Saddam hanging expected soon
U.S. judge denies last-minute appeal by former Iraqi leader's lawyers
U.S. and Iraqi officials have met to set the hour of Saddam Hussein's execution, a lawyer said hours after a Baghdad judge announced that the ousted Iraqi president would be hanged before Sunday.
The final obstacle to Saddam's execution was removed lateFridayas a U.S. judge rejected a last-minute court challengeby the former dictator's lawyers.
Meanwhile, the Associated Press reports a top Iraqi official as saying Saddam will be executed before 6 a.m. localtime Saturday, or 10 p.m. ET Friday.
Witnesses gather in Green Zone
The official witnesses to Saddam's impending execution gathered Friday in Baghdad's fortified Green Zone in final preparation for his hanging as state television broadcast footage of his regime's atrocities.
The physical handover of Saddam — who was sentenced to death after being convicted in early November of committing crimes against humanity in the slayings of 148 Shia Muslims in the northern city of Dujail in 1982 — is considered the last step before execution.
Al-Nauimi saidthe United States wanted Saddam — a Sunni Muslim who was ousted by the U.S.-led invasion of Iraq in 2003 after 24 years in power —"to be hanged respectfully." He saidWashington also wantedto prevent the mutilation of his corpse, as has happened to other senior figures from the ousted government.
"That could cause an uprising and the Americans would be blamed," al-Nauimi said.
Earlier, ajudge from the appeal courtthat upheld Saddam's death sentence on Tuesday said his execution was imminent.
"Saddam will be executed today or tomorrow," Munir Haddad said in Baghdad. "All the measures have been done."
When Iraq's Appeal Court upheld the death sentence on Tuesday, it said he must be hanged within 30 days.
Last-minute appeal denied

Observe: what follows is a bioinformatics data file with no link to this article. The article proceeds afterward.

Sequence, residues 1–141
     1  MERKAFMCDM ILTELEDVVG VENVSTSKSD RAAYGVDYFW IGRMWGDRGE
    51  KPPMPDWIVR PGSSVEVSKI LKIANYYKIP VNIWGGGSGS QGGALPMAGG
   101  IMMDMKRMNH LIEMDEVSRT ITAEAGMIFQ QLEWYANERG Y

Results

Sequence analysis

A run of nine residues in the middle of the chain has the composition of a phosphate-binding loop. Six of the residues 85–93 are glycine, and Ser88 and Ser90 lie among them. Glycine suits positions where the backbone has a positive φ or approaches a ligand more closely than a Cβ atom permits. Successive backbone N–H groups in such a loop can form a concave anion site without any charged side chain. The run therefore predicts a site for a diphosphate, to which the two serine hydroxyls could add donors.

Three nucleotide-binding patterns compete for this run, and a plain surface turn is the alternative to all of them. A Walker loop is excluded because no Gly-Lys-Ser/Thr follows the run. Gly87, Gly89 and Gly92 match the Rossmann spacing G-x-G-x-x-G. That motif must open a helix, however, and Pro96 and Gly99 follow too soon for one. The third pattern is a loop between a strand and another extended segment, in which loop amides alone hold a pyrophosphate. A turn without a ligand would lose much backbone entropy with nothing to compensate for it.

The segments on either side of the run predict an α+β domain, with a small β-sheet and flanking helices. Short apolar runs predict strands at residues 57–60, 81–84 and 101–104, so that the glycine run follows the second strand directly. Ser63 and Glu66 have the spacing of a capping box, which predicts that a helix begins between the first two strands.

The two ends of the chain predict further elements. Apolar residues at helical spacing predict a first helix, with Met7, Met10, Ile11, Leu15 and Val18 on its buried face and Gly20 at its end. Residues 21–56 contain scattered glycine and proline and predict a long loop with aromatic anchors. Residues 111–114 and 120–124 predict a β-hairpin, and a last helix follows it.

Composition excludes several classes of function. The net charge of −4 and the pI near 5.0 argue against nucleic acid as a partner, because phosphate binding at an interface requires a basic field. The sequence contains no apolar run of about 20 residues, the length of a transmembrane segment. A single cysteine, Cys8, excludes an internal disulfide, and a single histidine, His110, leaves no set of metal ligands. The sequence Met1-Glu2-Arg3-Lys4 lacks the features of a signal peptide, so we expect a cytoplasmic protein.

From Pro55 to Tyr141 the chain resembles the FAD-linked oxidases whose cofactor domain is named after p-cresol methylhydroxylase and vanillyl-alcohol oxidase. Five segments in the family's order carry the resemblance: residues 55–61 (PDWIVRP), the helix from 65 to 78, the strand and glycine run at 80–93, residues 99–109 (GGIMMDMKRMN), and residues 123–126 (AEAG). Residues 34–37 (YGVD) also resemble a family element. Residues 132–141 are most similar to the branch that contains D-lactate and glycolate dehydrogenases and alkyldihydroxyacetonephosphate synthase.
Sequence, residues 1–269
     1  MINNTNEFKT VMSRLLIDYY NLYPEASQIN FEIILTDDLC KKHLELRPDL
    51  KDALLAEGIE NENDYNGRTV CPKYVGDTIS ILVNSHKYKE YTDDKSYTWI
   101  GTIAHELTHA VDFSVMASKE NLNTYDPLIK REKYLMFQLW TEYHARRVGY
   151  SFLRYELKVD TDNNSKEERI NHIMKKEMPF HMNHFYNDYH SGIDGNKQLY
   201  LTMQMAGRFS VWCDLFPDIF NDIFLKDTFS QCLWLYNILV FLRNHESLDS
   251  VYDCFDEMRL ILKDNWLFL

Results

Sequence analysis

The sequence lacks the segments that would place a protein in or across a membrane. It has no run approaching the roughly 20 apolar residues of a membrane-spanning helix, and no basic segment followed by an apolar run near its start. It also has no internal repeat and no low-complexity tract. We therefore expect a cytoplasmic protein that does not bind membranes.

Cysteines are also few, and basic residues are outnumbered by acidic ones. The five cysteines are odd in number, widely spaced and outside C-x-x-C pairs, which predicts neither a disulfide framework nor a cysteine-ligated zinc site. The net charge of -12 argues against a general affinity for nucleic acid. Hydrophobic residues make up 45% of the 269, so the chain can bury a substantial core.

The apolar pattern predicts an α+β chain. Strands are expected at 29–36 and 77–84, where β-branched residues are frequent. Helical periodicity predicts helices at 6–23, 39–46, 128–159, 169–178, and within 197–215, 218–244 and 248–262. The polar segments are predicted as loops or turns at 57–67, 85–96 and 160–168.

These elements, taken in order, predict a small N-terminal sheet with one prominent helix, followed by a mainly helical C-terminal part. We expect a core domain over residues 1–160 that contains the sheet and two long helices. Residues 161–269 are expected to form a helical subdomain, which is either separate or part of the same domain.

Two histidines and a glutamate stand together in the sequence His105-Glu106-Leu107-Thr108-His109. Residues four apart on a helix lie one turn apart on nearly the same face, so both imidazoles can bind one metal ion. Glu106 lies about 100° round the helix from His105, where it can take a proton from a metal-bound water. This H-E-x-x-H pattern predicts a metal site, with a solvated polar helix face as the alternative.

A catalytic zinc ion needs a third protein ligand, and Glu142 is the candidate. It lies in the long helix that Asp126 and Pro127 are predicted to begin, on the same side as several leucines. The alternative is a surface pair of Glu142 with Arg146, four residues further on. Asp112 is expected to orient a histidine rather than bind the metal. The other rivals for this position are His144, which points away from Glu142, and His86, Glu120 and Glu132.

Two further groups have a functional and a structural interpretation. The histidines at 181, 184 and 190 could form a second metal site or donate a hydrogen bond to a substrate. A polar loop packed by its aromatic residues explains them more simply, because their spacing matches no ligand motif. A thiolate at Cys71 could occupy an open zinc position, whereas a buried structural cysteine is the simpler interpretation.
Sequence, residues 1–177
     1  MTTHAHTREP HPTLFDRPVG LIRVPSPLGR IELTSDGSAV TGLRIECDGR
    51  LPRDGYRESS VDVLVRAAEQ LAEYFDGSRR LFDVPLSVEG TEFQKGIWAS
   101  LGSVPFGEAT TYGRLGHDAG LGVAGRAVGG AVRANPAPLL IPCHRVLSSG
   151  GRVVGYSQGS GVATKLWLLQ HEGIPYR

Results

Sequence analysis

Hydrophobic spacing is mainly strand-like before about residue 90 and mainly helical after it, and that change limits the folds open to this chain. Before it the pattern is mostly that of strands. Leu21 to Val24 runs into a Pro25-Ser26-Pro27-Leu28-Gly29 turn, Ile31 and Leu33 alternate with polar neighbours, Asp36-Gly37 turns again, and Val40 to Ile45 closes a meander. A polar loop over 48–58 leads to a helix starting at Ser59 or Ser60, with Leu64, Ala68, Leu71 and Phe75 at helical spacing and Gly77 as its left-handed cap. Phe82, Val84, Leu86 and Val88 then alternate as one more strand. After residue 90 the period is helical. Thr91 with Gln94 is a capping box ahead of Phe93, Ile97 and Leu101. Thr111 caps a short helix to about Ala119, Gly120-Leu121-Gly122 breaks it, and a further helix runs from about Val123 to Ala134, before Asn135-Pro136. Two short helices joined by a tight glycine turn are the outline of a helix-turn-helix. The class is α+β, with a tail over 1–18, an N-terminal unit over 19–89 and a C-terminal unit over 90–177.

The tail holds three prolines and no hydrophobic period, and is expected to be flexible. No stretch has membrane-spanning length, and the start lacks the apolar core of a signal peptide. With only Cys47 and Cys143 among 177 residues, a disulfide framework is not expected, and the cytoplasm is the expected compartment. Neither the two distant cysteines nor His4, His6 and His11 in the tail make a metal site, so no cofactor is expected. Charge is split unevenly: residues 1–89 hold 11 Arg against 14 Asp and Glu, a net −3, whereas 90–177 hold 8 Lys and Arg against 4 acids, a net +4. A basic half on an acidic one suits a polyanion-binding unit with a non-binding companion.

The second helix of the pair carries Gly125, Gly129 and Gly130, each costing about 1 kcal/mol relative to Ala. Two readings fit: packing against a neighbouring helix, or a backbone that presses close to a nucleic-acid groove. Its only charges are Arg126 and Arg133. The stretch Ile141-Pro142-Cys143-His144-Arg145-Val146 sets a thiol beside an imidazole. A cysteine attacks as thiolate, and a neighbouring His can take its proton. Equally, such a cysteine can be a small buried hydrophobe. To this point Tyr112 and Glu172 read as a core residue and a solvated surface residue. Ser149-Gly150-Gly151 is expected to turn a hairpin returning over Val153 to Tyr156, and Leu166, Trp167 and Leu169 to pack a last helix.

Earlier Friday, Saddam's defence team asked for an emergency restraining order in a last-ditch effort to block his transfer to Iraqi officials poised to carry out his execution, only to be denied.
"Petitioner Hussein's application for immediate, temporary stay of execution is denied," U.S. District Judge Colleen Kollar-Kotelly said after a hearing over the telephone with attorneys.
His lawyers filed a 21-page request in a Washington court arguing that since Saddam faces a civil lawsuit in the United States, he has rights as a civil defendant that would be violated if he were executed.
Handed over personal effects, will
Saddam's defence team confirmed Friday that he had given his will and personal effects to relatives.
Two of his half-brothers visited Saddam in his jail cell at a U.S. military prison and collected his belongings Thursday, a member of Saddam's defence team said.
Al-Nauimi said he and Saddam's daughter had also requested a final meeting with the deposed leader but their request was rejected.
"His daughter in Amman was crying. She said, 'Take me with you,' " Al-Nauimi said.
Timing could be affected by Eid holiday
The Iraqi constitution states that people cannot be executed on state-recognized religious holidays, and the religious holiday of Eid starts on Sunday for Sunni Muslims in Iraq.
A U.S. military officer said that Saddam would likely be hanged before then, according to a report from NBC News.
Al-Nuaimi told CBC Newsworld he did not believe the holiday could postpone the execution.
"They don't care whether it is Eid or respect Eid as a religious day," he said.
"They just want to carry out a wish which was made by [U.S. President George] Bush months and months ago."
U.S. troops brace for violence
The Pentagon said U.S. forces in Iraq are braced for the aftermath of the execution, which could increase the fighting between the country's Shia Muslim majority and the Sunni Muslim minority.
Under Saddam, a Sunni Muslim, the government was dominated by Sunnis even though it put in place a number of secular policies. However, Shia politicians won the majority of seats in the parliamentary election of December 2005.
Since then, sectarian violence has periodically surged.
With files from the Associated Press